Walsh is just one example of a grooming predator running rampant on Twitter. 

Another recent case involved a child abuser that sometimes groomed children on Twitter, sexually abused them, documented the abuse, and posted the imagery on the main feed of his Twitter account. He used the platform for four years and sold child sexual abuse material to his 290,000 followers.

Unfortunately, this situation is not the first of its kind. These types of operations keep popping up on Twitter globally. 

Twitter Has Mishandled Reports of Child Sexual Abuse Material

When a report of child sexual exploitation is made on Twitter it should be handled quickly and correctly. 

In another case,  we saw a clear example of what a platform should not do. A lawsuit against Twitter alleges that, in this case, two minor males had their child sexual exploitation material posted to Twitter. The video racked up over 167,000 views and 2,223 retweets. 

Both minors were 13 years old in the video. When Twitter finally responded to reports of the video, the platform reportedly said, “Thanks for reaching out. We’ve reviewed the content, and didn’t find a violation of our policies, so no action will be taken at this time.” 

The Department of Homeland Security reportedly had to step in to have the video removed. 

What Should We Be Doing? 

Twitter is one of many platforms facing this issue, but instead of asking these companies to ban conversations about grooming, I’d like to ask how we can expand that conversation. 

Parents and caregivers definitely need to speak to their children about internet safety, especially the risk of sextortion. The FBI has tried very hard to get the word out that this crime is getting increasingly worse, but the message isn’t reaching parents quickly enough 

I’d like to see anyone with a platform educating about these issues, including faith-based communities, schools, and the corporate press. For example, if Tucker Carlson did a segment on sextortion it would reach millions with the information they need to protect their children and communities.

We are at crisis levels of grooming and exploitation of children, especially online. Unfortunately, in a heartbreaking story, one victim of sextortion recently passed away by suicide.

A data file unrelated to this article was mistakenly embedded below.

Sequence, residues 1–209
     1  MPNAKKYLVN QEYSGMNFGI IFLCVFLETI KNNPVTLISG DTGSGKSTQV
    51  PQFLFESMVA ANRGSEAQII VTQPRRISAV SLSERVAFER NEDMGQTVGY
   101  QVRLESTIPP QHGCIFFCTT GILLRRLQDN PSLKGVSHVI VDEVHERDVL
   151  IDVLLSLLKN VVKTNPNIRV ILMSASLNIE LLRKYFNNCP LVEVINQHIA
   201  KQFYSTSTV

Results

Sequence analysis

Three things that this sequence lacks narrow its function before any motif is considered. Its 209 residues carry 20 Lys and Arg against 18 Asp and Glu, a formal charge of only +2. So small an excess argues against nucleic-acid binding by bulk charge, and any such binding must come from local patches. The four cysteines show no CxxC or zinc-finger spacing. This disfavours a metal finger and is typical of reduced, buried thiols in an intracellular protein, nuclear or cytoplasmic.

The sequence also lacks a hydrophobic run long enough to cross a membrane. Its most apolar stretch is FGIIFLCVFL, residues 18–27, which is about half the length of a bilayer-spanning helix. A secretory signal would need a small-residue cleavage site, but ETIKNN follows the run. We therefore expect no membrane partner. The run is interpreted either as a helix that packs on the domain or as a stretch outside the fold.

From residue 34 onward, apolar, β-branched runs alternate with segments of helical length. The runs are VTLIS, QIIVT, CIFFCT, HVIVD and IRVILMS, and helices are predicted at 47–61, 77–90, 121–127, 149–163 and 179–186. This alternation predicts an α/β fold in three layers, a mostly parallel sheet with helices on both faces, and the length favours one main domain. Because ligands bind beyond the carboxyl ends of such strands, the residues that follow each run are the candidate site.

Instead of urging platforms to remove non-violent speech, we should be encouraging them to stand by their own terms of service and actually remove child sexual exploitation at scale.

I believe a completely free speech version of Twitter would allow the platform’s reporting system to prioritize the most egregious reports. 

What About the Government Getting Involved? 

It’s common for folks to see this conversation and request that the government step in. I see that as one of the most dangerous solutions—because then we run the risk of government overreach and a loss of digital privacy rights. Mass surveillance is never a great solution. 

Banning the word “groomer” isn’t the correct place to start this conversation either, as it doesn’t solve the problem and risks punishing advocates and survivors. The best solutions are to educate your families, raise awareness, and apply pressure on the platforms to get their priorities straight and make impactful changes to address the removal of child sexual exploitation.

24-Hour Call Center: To report information about a missing or exploited child, call the 24-Hour Call Center: 1-800-THE-LOST (1-800-843-5678). Report child sexual exploitation online at CyberTipline.org.

Eliza Bleu (@elizableu) is a survivor advocate for those affected by human trafficking. She is also a survivor of human trafficking. 

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Eliza Bleu
Eliza Bleu
Eliza Bleu is a survivor advocate for those affected by human trafficking. She is also a survivor of human trafficking.